President Joe Biden on Wednesday announced his intent to nominate American Civil Liberties Union lead voting rights attorney Dale Ho to a lifetime judgeship on the federal bench in New York City.
The 43-year-old attorney has worked as the director of the ACLU’s Voting Rights Project since 2013. Ho has been selected to sit as a district judge on the U.S. District Court for the Southern District of New York–which has long been considered among the nation’s most influential court systems after the U.S. Supreme Court.
A White House press release praised the advocate and others in the 46th president’s eighth tranche of federal judicial nominees as “extraordinarily qualified, experienced, and devoted to the rule of law and our Constitution” while noting that Ho, in particular, would be “the only active [Asian American] male judge” sitting on the SDNY.
Ho has personally argued two cases before the Supreme Court–both of which were high-profile legal battles against the former administration of Donald Trump and his conservative political allies.
In Trump v. New York, Ho and the ACLU challenged the Trump administration’s efforts to exclude undocumented immigrants from the U.S. Census-based congressional apportionment process. Ultimately, the nation’s high court handed Trump a procedural win–ruling that the issue was not ripe enough for judicial review. That policy, however, was abandoned as soon as Biden took office.
In Department of Commerce v. New York, Ho and the ACLU notched a significant victory on a closely-related matter: preventing the Trump administration from including the controversial citizenship question on the 2020 Census. That ruling’s holding was unanimous–despite a series of partial concurrences and dissents–and in his majority opinion, Chief Justice John Roberts noted there was a “significant mismatch between the decision the [Commerce] Secretary made and the rationale he provided” to support the failed citizenship question’s inclusion.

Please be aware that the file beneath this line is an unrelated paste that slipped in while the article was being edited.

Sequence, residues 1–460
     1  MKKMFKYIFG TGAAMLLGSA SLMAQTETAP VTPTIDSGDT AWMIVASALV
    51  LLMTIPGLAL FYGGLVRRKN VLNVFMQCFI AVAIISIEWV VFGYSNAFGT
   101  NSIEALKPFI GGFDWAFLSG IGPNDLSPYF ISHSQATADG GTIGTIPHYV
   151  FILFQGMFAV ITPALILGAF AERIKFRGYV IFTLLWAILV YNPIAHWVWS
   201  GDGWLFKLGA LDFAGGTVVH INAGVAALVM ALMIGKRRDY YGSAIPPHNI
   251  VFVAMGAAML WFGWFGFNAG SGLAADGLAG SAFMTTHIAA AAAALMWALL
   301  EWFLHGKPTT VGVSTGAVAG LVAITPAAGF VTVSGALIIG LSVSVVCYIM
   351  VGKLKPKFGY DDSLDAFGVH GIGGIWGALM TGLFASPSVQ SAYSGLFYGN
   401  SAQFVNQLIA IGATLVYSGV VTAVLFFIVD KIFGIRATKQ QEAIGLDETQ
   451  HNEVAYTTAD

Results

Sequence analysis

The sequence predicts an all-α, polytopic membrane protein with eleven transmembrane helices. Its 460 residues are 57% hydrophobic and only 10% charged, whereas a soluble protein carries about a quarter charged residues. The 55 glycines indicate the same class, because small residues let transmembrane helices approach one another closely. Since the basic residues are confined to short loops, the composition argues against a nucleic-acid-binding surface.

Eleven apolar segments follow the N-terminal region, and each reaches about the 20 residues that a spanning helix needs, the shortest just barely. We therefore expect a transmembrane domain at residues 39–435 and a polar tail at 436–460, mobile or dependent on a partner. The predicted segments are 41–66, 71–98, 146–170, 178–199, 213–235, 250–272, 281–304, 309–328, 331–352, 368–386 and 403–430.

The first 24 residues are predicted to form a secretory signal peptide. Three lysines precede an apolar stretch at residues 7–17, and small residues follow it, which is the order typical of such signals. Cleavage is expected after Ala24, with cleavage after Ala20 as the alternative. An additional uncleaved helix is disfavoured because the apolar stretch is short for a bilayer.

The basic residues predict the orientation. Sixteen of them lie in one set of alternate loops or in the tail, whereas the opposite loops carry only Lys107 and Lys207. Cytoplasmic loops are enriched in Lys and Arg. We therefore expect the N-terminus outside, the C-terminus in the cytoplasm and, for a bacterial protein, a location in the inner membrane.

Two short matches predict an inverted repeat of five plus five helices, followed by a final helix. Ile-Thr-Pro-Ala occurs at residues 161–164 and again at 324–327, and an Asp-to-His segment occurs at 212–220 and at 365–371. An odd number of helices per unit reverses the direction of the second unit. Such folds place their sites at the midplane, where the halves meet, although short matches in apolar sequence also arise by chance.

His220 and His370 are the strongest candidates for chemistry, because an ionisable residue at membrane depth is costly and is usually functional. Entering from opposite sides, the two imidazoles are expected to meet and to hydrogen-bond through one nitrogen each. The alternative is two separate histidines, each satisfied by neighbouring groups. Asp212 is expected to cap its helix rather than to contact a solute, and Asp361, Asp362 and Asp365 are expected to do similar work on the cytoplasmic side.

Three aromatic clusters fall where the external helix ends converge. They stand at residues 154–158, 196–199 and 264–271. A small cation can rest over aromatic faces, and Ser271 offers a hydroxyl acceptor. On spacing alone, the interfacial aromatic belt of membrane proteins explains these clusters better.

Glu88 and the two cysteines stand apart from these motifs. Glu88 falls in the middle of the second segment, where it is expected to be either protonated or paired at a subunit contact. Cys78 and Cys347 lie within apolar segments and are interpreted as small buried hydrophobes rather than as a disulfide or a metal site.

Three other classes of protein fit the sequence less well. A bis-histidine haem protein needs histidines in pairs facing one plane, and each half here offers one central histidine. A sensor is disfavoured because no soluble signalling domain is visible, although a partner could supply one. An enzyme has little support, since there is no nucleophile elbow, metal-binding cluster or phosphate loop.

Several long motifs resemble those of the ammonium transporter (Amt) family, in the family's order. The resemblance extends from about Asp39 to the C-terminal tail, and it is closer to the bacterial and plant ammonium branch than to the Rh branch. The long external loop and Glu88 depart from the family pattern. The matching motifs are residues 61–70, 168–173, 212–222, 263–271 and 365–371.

Ho was also lead counsel in the successful challenge to a Kansas law that would have required a person to provide their birth certificate or passport in order to vote. That case, Fish v. Kobach, has been described as “[t]he most significant voting rights case this century.”
A Yale Law School graduate, Ho’s legal career began as a law clerk in the Southern District of New York for then-U.S. District Judge Barbara S. Jones in 2005. That stint was followed up by clerking for Judge Robert. S. Smith on the New York Court of Appeals–the Empire State’s highest court–for a year. After that, he worked in a dual role as a private litigation associate and NAACP Legal Defense and Educational Fund Fellow at the elite, white-shoe law firm of Fried, Frank, Harris, Shriver & Jacobson, LLP in New York City. Ho’s public interest work would follow him into his next two jobs: he worked directly for the NAACP LDEF for several years before joining the storied civil liberties organization in 2013.
Progressives in and out of government hailed the nomination.
“Dale Ho is democracy’s lawyer — and now he’s nominated to be a federal judge,” the leading progressive judicial reform organization tweeted immediately after the announcement on Thursday morning, calling the civil liberties attorney a “phenomenal nominee.”
The group elaborated in a statement later provided to Law&Crime:
ACLU Voting Rights Project Director Dale Ho’s nomination perfectly encapsulates President Biden and Leader Schumer’s shared commitment to prioritizing public interest lawyers for the federal bench. Ho has argued many of the most important democracy protection cases of the last decade, and his deep experience in protecting voting rights for everyone is exactly what is needed right now.
“Dale Ho is exactly the kind of judge we need to ensure our courts work for the people, not the powerful,” added Rep. Mondaire Jones (D-N.Y.), a progressive member of Congress representing the suburban counties north of New York City. “Grateful to @POTUS and @SenSchumer for nominating him and for their commitment to ensuring our judiciary finally reflects the diversity of our nation.”
Since 2014, Ho has taught a racial justice clinic at New York University School of Law. He is also a frequent commentator on legal issues.
Biden is nominating judges fairly quickly—at least, by most historical standards: As of Thursday, he has nominated 53 federal judges. At a similar point in his presidency, then-president Trump had nominated 57 federal judges to the bench, including Supreme Court Justice Neil Gorsuch. Biden, however, is having his judicial nominations approved by the U.S. Senate faster than any president since Richard Nixon.
[image via MANDEL NGAN/AFP via Getty Images]
Editor’s note: this article has been amended post-publication to include an additional statement and for clarity.
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